The view from my veranda

Sport, Saudia Arabia and Song

22nd July 2022

Shabbat Shalom everyone, especially all the participants of the 22nd Maccabiah!

Last week I promised you the video of the opening ceremony of the Maccabiah, always spectacular and particularly so this year. Since I don’t expect you to sit through the hour and a half of the original ceremony here is a short version – the highlights.

The first Maccabiah in 1932 was a direct response of the refusal of the International Olympic Committee to allow Jews to take part in the Olympics as a separate entity.  In 1928 Yosef Yekutieli presented his Jewish Olympics proposal to Menachem Ussishkin, the Chairman of the executive committee of the JNF. This required the approval of the British Mandate and in the autumn of 1931 the British High Commissioner Arthur Grenfell Wauchope, who expressed great admiration for Zionist Palestine as well as the Jewish sports movement in general,approved the Maccabiah.  The 1st Maccabiah opened on March 28, 1932. The Games were nicknamed “White Horse Olympics” because Tel Aviv’s Mayor Meir Dizengoff led a parade honouring the participants in the first Maccabiah Games by riding a white horse through the city streets. During the first Maccabiah 390 sportsmen took part from 18 countries. This Maccabiah Games hosts approximately 10,000 athletes, from 80 countries, competing in 47 sports categories. 

Meeting and greeting old friends, watching the most deserving receive awards, was very special. The most disturbing part of Maccabi World Union events is that the men are so tall! Can you imagine watching Zvi, all 1:97 of him, looking regular height when he talked to friends! Usually when I look for him in a crowd it’s easy, but in this crowd he disappeared into a sea of tall people!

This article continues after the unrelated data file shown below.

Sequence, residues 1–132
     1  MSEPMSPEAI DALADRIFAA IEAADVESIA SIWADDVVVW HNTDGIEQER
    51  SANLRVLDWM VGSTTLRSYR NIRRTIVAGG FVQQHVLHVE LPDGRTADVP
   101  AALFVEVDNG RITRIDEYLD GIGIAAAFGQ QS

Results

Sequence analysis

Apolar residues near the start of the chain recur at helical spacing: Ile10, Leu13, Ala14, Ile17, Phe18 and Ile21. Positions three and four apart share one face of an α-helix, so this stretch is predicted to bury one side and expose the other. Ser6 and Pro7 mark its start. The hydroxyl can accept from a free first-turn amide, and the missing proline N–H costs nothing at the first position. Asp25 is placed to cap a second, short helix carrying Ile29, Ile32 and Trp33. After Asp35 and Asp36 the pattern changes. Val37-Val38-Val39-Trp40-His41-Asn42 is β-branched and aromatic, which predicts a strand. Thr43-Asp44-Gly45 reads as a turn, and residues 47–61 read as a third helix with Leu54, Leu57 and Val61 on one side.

This is a truly wonderful meeting place for Jewish youngsters from all over the world, especially those who live in tiny communities. In the olden days everyone thought that to be Jewish you had to be short, pasty faced, studious and as far from sport as possible should see the wonderful sportsmen of today. Incidentally, this is where Mark Spitz began his career.

Criticism of the Biden visit to Saudi Arabia as unnecessary or unwise is unfair. Firstly one does not make peace with ones friends but rather with one’s enemies, but in fact, despite popular opinion, Saudi Arabia is not an enemy. One needs to know what happens under the surface not simply accept populist media. For instance, Saudi Arabia and Israel have been in “under the radar” talks for over 20 years that I know of and they approached Impact-se to improve the tolerance in their education